I was staggering to the kitchen for coffee when I heard his alarm beeping at 4:15 this morning, only a few minutes after I dragged myself out of bed. My thirteen year old was downstairs in no time, straight faced not because of sleep cut short by early rising, but by laser focus on the task at hand. It’s tournament day, when he’ll be out at daybreak to dip his line in frigid water, hoping that over the course of eight hours, the bass will bite.
I began my pre-dawn battery of questions:
Me: "Do you have the life vests?"
Fisher Boy: "Yes."
Me: "It’s freezing out there. Did you pack gloves? "
Fisher Boy: "Yup."
Me: "Lunch? "
Fisher Boy: "Uh-huh. And water. And toilet paper. You know… just in case."
(We both smile.)
Me: "Extra line?"
Fisher Boy: "Of course. Mom… I’ve got this."
We loaded the gear, made the eighty minute drive north to Lake Mitchie and pulled up in a long line of much older fishermen towing fully rigged boats with multiple motors. The jon boat my boy bought with his own money carried only basic gear, just one motor and the vessel hung out of the back of our beaten up old Suburban. (That's right y'all. Canadian/British families can be red necks, too!) Without any sign of feeling inferior, Fisher Boy ran off to register for the only thing he was focussed on, the tournament. I sat waiting in the morning quiet, looking out over the lake, where soft rays of the rising sun cast an amber glow on the water. And I thought about what you have to be willing to do to make your dream come true.
It requires sacrifice and discipline, planning, organizing and executing. It means relying on your supporters to help you run the race. It calls for you to dig deep and keep trying even after you fail again and again. (At the last tournament, his first, the boy caught nothing. All day long.) It demands that you believe your dream is worth giving everything you have for the possibility that maybe, just maybe you’ll be the one who breaks through and grabs that prize dangling at the end of a long, hard road.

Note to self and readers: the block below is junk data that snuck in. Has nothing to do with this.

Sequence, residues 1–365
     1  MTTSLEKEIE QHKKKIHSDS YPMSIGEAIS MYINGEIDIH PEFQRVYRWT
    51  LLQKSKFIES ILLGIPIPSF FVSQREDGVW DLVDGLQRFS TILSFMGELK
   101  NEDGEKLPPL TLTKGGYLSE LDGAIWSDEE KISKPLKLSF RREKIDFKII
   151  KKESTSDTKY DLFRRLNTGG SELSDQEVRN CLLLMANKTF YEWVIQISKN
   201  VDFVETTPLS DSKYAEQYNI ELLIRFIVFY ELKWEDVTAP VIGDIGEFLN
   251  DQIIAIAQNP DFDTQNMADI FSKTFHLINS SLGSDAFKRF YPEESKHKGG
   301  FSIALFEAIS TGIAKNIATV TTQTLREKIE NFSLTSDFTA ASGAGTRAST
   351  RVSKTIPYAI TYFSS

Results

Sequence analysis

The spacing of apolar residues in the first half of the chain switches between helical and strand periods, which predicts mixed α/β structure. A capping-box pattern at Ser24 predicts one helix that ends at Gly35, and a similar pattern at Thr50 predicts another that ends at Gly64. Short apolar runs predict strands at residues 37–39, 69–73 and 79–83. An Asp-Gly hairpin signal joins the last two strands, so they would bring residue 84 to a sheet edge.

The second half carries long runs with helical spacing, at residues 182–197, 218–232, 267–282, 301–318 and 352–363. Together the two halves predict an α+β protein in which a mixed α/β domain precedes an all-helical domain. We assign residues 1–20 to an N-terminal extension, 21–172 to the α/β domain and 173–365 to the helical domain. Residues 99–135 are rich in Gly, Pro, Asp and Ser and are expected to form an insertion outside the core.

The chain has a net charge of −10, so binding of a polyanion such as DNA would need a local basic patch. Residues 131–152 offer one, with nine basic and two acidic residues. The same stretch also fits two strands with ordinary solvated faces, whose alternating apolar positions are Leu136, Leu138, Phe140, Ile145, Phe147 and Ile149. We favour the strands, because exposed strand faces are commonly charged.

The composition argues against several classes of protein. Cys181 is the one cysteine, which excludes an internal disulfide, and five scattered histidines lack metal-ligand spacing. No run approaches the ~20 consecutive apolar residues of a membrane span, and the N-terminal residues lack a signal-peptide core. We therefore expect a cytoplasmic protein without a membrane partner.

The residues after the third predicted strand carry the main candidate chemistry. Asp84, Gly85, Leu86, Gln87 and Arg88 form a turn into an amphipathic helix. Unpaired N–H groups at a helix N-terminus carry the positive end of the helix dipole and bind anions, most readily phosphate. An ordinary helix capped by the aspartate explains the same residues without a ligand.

This grit and determination and passion are what fuel Olympic athletes to cross finish lines. They’re the stuff of people who run marathons, lose weight, write books, become the best at something, and catch a prize winning fish.
I’ve determined that the key to sticking with a dream that requires a long term commitment is passion. You have to love what you’re doing. And you have to believe in it. My boy would fish 24-7 if he could. From the time he was three years old, there was nothing he loves more than being out on the water, breathing the air, trying new baits, new places, and new techniques. When he’s not fishing, he reads about the sport and watches an endless stream of videos. He is insatiable as he full-throttle chases his dream of becoming a pro fisherman.
A lot of us say we want something. We talk a lot. We hope a lot. But are we full throttle? Are we putting every bit of extra time, energy and focus into it? Do we fail, but get right back up and try it again? Do we wonder if we’ll be successful instead of focussing only on the steps it takes to be successful?
Today, while my Fisher Boy is out on the water, doing the work it takes to chase his dream, I am renewed in my commitment to my own dream of completing the daunting task of writing a true story that I believe in so passionately I could burst. For now, I’ll ignore the questions that sometimes nag me: Will the book sell? Will it sink into obscurity before it can reach hearts and inspire dreams? Maybe you question the viability of your dream, too. But today, I lean into the example of my Fisher Boy, who did not set out in the dawn wondering about the results eight hours from then. He instead focussed on the job at hand, on doing and enjoying doing what he loves most. He already understands that the outcome will take care of itself.
May all of us dreamers do likewise and believe.
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